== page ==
marry.”

b. On January 31, 2015, Amazon user vanillacoke wrote, “The characters, though – they’re

so perfectly, realistically awful. I dare you to find me another book with a female

character whose life is centered on ‘domestic’ marriage/home themes but is this . . . I

actually can’t find the words for this situation. It’s so good, so rare that that theme is so

well-done, so multi-dimensional.”

c. On April 6, 2014, Amazon user J.D. Rummel wrote, “As I read it I was about half way

through and wondering what the fuss was about . . . but I was kind of creeping through

it, rating it as just a middle of the road mystery. Then I hit the half-way point and she

upended the table on me.”

d. On August 24, 2012, Amazon user Robert Landry wrote: “Just as I was waiting for it to

wrap up, the second half starts and I’m stunned by the next plot twist. I can’t even

imagine how Gillian Flynn came up with this story, and I’m stunned at how much

insight she has into the human psyche.”

e. On February 20, 2015, Amazon user View from the hills wrote, “[The female lead] is the

angry wife who mirrors herself to be what she thinks others want and a husband who

wields his good looks and charm as a weapon . . . I found myself changing allegiance

between the two major characters . . . so many times until I finally woke up to the idea

that both these narcissistic people deserved each other!!”

f. On August 23, 2012, GoodReads user Tarryn Fisher wrote, “Intricate characters. Plot

twists that blow away all other plot twists.”

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g. On June 17, 2012, GoodReads user Connie (Ava Catherine) wrote, “This book begins in

a straightforward manner . . . the husband is the main suspect. However, people and

events are not as they seem. I could never have imagined this plot line, which made it all

the more delicious to read.”

h. In a video published on May 11, 2013, YouTube user candysomething states, “biggest

selling point is a massive plot twist.”12

i. In a video published on February 24, 2014, YouTube user getbookish states, “You can

see their marriage doesn’t seem to be that great . . . . There’s a whole other layer of stuff

going on that you don’t realize. This book takes a very wild turn. When you get to the

second section, my mind was blown . . . . That reveal, it’s going to blow your mind.”13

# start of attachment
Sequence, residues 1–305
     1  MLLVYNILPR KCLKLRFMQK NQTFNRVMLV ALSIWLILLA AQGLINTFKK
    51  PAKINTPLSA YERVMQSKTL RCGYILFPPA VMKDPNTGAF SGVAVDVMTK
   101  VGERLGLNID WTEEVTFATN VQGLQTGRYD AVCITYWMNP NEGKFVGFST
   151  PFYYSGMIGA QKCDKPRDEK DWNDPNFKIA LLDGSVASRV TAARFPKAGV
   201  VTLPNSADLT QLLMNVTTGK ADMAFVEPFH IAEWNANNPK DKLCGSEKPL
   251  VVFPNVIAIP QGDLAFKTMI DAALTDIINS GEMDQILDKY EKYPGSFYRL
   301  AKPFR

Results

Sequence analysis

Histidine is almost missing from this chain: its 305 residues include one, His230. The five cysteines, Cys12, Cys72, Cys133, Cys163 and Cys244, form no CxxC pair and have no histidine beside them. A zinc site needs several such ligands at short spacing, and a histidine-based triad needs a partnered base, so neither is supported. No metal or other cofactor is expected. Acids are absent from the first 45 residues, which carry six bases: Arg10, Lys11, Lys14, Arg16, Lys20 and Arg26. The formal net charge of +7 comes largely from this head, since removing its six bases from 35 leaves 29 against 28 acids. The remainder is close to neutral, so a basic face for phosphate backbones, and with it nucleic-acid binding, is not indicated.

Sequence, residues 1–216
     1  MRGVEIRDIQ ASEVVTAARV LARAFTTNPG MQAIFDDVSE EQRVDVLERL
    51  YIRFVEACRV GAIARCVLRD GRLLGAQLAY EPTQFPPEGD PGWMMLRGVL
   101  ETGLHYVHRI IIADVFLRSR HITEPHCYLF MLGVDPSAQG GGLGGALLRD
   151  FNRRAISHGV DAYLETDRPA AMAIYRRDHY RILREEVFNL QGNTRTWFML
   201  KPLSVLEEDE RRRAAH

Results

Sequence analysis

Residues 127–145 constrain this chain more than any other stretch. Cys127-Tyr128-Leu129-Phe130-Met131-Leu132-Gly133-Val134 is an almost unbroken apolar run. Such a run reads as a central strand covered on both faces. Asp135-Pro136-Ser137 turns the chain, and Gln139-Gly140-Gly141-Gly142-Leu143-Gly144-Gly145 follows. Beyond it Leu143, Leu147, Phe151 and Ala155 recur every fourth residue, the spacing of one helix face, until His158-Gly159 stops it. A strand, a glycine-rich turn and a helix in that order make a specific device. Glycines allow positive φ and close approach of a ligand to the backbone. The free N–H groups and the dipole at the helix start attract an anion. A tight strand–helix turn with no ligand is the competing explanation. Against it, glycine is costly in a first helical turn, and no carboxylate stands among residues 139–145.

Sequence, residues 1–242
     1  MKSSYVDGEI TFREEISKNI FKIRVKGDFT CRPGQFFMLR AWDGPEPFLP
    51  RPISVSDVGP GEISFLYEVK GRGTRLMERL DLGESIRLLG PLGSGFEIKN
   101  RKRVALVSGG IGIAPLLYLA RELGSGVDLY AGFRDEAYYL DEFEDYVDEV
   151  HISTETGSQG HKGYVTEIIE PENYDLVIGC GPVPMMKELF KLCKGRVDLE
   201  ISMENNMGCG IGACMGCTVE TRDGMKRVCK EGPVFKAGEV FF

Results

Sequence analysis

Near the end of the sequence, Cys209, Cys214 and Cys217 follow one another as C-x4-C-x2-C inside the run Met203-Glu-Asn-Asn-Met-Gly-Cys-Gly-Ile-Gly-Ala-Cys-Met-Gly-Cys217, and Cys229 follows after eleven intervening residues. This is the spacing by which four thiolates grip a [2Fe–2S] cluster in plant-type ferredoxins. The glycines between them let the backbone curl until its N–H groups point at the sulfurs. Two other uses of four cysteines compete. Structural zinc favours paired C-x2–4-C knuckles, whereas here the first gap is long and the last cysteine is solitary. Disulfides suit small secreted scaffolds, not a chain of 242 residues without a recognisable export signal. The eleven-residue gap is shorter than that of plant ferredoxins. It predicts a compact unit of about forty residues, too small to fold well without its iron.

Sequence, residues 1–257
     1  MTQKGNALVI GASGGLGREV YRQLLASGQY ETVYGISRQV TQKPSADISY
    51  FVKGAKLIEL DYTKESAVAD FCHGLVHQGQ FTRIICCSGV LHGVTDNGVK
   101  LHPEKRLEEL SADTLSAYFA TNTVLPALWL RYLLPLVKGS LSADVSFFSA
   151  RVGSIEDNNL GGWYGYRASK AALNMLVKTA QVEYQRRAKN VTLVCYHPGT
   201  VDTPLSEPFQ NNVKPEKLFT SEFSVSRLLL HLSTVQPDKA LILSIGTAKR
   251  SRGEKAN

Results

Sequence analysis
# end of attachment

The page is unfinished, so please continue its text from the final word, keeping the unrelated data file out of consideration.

j. In a video published on November 7, 2014, YouTube user thebookbasement states,

“There are so many twists in the plot . . . . This is not a book you ever want to be spoiled

for . . . . the sign of a good plot. . . . This book is the most duplicitous book I have ever

read.”14

k. In a video published on October 4, 2014, YouTube user NumptyParis states,

“Obviously, Gillian Flynn is trying to make you feel a certain way about [the leads] from

the start, up to about the mid-way point. And it worked. I detested Nick. Everything he

did, I just end up hating him more and more and more. He was so suspicious and so

shifty and I just couldn’t not believe that he had not done it . . . . And obviously there is

the twist in the middle.”15

                                                            
12 Candysomething, ‘Gone Girl’ – Gillian Flynn | Review, YOUTUBE (May 11, 2013),

https://www.youtube.com/watch?v=1aCGKf-wlDY (last visited Dec. 3, 2017).
13 Getbookish, Book Review: Gone Girl, YOUTUBE (Feb. 24, 2014), https://www.youtube.com/watch?v=td_C4ty0Nuk

(last visited Dec. 3, 2017).
14 Thebookbasement, BOOK REVIEW: GONE GIRL BY GILLIAN FLYNN, YOUTUBE (Nov. 7, 2014),

https://www.youtube.com/watch?v=URc3u4zxin4 (last visited Dec. 3, 2017).
15 NumptyParis, Book Review | Gone Girl (SPOILERS), YOUTUBE (Oct. 4, 2014),

https://www.youtube.com/watch?v=4p-ZUxx-9TQ (last visited Dec. 3, 2017).

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80. Both professional and non-professional reviewers viewed the Novel’s value and originality as

being directly tied to the plot (including the plot twists), the structure, and the lead characters’

traits and psychology. All of these elements were originally contained in OTB3 and appear in

strikingly similar and substantially similar form in the Novel (as well as the Audiobook, the

Screenplay, and the Film).

81. The Novel and Film have garnered praise and have attained success because of original elements

contained in OTB3. These original elements were improperly appropriated from OTB3.

82. The Novel is an unauthorized derivative work of OTB3.

83. In addition to sharing many of the striking and substantial similarities between OTB3 and the

Novel, the Audiobook, the Screenplay, and the Film are undisputedly derivative works of the

Novel, which itself is an unauthorized derivative work of OTB3.

Count I - Direct Copyright Infringement against Defendants Flynn, Fincher, Penguin

Random House, and Twentieth Century Fox